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  #11  
Old 15th September 2021, 02:29 PM
Svend Svend is offline
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Hi Ian,
Thanks for the insight. Some good advice there. I had never considered adding wetting agent to developers. Some of my homebrew D76 gave me bubbles, even in the relatively moderate-hardness water at home in Ontario. It caused the bubbles to show up as uneven development on the top edges of the negs where they were trapped by the reels. My fix was rather aggressive banging of the tank after each inversion cycle, but I'd rather not have to do that as it's chipped the bottoms of my Patterson tanks...I fear that a tank will explode on my one day, that's how hard I have to whack it. A drop or two of Photoflo is a great idea. Thanks for the tip.

Re. filter jug - do you mean the Brita type? That's what we can get here...not sure if you know that brand in the UK. They are available everywhere, so can easily pick one up. Good option to a big 5 gallon jug of DM water. Would you recommend using it for mixing stock solutions too, or only diluting?
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  #12  
Old 15th September 2021, 02:52 PM
Lostlabours Lostlabours is online now
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Yes Brita or equivalent, I only use my Brita to mix stock not final dilution.

I did some tests years ago in Turkey and without a tiny amount of wetting agent there was no way I could dislodge air bells in my dev tanks using Pyrocat HD.

Ian
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  #13  
Old 15th September 2021, 03:03 PM
Svend Svend is offline
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Good to know on both counts, Ian. Thanks again. Not sure if I will go with a Brita now, or just get a 5 gallon jug of DM water. I will pick up one or the other soon, as a select few of my film cameras and many rolls of 120 and 135 have been shipped and should be here by week's end. Really looking forward to shooting film again after more than a year of digital-only.
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  #14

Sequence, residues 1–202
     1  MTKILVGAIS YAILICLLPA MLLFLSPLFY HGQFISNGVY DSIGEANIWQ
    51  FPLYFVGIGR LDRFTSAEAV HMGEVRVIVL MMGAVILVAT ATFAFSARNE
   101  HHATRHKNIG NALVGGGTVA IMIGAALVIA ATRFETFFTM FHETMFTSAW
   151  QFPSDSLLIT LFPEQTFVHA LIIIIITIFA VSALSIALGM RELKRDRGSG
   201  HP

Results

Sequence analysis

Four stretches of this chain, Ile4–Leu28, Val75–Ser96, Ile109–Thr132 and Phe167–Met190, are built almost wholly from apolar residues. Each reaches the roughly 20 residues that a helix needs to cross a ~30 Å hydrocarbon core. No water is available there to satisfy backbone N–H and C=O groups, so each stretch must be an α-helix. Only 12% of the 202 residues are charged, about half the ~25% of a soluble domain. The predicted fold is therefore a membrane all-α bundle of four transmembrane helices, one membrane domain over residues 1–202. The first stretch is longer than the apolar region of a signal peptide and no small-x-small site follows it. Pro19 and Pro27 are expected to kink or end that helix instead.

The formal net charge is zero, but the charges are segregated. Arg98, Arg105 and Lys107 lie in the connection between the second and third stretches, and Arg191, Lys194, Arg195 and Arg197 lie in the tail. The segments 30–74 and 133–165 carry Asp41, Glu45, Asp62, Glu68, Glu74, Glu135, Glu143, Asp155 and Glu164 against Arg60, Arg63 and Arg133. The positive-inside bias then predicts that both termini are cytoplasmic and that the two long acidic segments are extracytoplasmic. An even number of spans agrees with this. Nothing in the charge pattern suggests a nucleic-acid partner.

Old 15th September 2021, 06:45 PM
Nat Polton Nat Polton is offline
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I have been pondering getting a Brita myself.

According to the adverts, the filters in a couple of the jug types have indicators telling you four weeks have elapsed, and it is time to change the filter.

Does the filter cartridge degrade and cease to work after four weeks?
If so it may not be so economical filtering a few gallons as the need arises in the darkroom.
Or is it just a reminder for normal domestic use?

Cheers.
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  #15  
Old 15th September 2021, 08:19 PM
Svend Svend is offline
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Nat, we have a Brita at home (the one in Ontario; not my house in BC where I work), and it has a "counter" of sorts in the lid which keeps track of how many times one has poured a glass out of it. After a certain volume (number of tips) it flashes red telling you it's time to change the filter. I find this more useful than the 4-week type, which has nothing to do with how much water you've passed through it. Filter life is more related to volume of water run through than elapsed time, as far as I can see.
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  #16  
Old 16th September 2021, 11:02 AM
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Martin Aislabie Martin Aislabie is offline
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I think pretty much all developer manufacturers recommend a couple of sharp taps of the tank into a hard surface after the developer has been poured in the first set of inversions carried out.

Personally, I always do them after every set of inversions - just on the off chance.